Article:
ALA Midwinter: A Stuck-in-Chicago Recap

What better time to recap a wonderful ALA Midwinter conference than while sitting in my hotel bed? Thanks to the latest blizzard, which librarians and publishing folks got to experience in Chicago before it traveled onward to Boston, I am spending an extra 36-ish hours in the Windy City. Better to be in a fancy old hotel than the airport, though, right?

Chicago definitely lived up to its nickname yesterday, as I trekked out in the 40 m.p.h. whiteout conditions in search of some Super Bowl snacks with my intrepid friends. (It turns out people who regularly visit the South Pole are just the teeniest bit better at managing inclement weather than wimpy writers named Jenn.) But while watching the flakes swirl around from the 14th floor was pretty awesome, I’m not sure it counts as a highlight of ALA.

Which brings us to… the actual highlights!

1. On Saturday afternoon, I met one of my all-time favorite YA authors, Meg Cabot. Now, the Princess Diaries books were a huge contributing factor to my love of YA, as they were some of the first modern-era YA books I read, via a junior high student I tutored while in college. I’m such a sucker for any book (or movie) featuring the awkward princess Mia Thermopolis, so meeting Meg Cabot was extremely high on my ALA to-do list. Luckily, even though the line was quite long by the time I got there, it only took half an hour until I got to meet her. She was every bit as delightful as one would expect, and I managed to not be totally flustered. I told her that Michael Moscowitz was my first and most enduring book boyfriend. (Completely true.) And I may or may not have worn the special Princess Diaries paper crown from the signing when I began reading my ARC of Royal Wedding, even though it was sized for a ten-year-old’s head.

2. When Charlesbridge invited me to appear on an ALA Buzz panel to discuss debut children’s books, I jumped at the chance. As a once-and-future debut author, I have so much love for debut books. Some of my favorites every year are debut titles. For 2014, Nest and The Meaning of Maggie were among my very favorite middle grade novels and both are by authors publishing for the very first time. Along with Charlesbridge editor Julie Bliven and the Boston Public Library’s Head of Children’s Laura Koenig, I really enjoyed discussing ways that librarians (and booksellers, and really anyone) can promote and discover debut voices. I left with a growing list of other debut titles to check out. Gabi, A Girl in Pieces, I’m looking at you!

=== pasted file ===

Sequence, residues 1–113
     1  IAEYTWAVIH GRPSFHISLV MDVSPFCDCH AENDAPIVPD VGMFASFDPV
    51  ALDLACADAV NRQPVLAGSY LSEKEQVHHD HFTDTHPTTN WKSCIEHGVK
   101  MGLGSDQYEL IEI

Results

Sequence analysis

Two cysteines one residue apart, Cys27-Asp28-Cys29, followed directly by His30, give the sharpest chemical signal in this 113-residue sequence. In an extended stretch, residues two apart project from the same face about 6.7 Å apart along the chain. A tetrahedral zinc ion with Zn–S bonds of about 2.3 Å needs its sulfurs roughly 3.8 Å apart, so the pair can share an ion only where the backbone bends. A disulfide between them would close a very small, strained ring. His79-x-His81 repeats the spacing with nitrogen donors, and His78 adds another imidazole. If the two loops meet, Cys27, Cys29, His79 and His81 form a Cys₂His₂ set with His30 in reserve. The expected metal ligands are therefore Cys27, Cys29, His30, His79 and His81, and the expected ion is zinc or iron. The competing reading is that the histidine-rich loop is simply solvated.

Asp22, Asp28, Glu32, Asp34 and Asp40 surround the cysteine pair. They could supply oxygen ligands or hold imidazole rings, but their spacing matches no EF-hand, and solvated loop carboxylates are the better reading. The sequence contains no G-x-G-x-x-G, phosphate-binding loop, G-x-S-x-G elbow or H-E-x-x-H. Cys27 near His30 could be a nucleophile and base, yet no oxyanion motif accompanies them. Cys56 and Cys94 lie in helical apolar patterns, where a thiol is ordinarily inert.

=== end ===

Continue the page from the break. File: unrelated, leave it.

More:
3. The surprise theme of every trip to Chicago (a place I called home for eight years) lately is reconnecting with old friends. Prior to ALA, I trekked out to the Homewood Public Library, where I began my library career. It was so wonderful to spend time chatting with my former coworkers, who were so supportive of my book and so eager to have me come to the library when it comes out. I was reminded by one of them that even Chris Pratt lived in a van in Hawaii before he made it, so if this is my “living in a van like Chris Pratt” moment, well, I’ll take it. At the conference itself, I caught up with a couple of fellow Best Fiction for Young Adults committee alums, and also kept just missing a few other friends.

4. How have I gotten this far without mentioning the books? Oh man, THE BOOKS. In total denial, before I left, I told my husband I would come home with a couple books. More like a couple bags of books. Oops. It’s a slippery slope at ALA. You start searching out a few specific titles, but then you talk to someone from sales and marketing who has all these suggestions (many of them debuts) and before you know it, you have forty pounds of ARCs and three tote bags and a page of Origami Yoda stickers and you remember your 7 year old nephew might like some books too, and, and, and… yeah. I’m a tidy person, but I think I am also technically a book hoarder.image3 image2

5. Though I did not make it to the convention center for the ALA Youth Media Awards at 8 AM, I watched the pre-game show with Betsy Bird, and the awards, and the post-game breakdown. All I can say right now is WOW. Any surprises were surprises that made me just more psyched about ALA. All of the love for fantastic diverse titles was so well-deserved. I’ve been raving about The Crossover to anyone and everyone for the past month or so since I read it, but I never said out-loud how much I wanted it to win, out of fear that I’d jinx it. This book is going to be so beloved by kids. It has everything I love in a middle grade book: verse, heart, readability, voice, characters that feel achingly real, tears, sports, siblings… GAH! I could go on and on. Just–happy. So happy that this book got the recognition it did. And happy for all the other authors and books I love that were recognized, like El Deafo and Viva Frida and I’ll Give You The Sun. Now if I could actually read all the books I want to read!

Leave a Reply

  • (will not be published)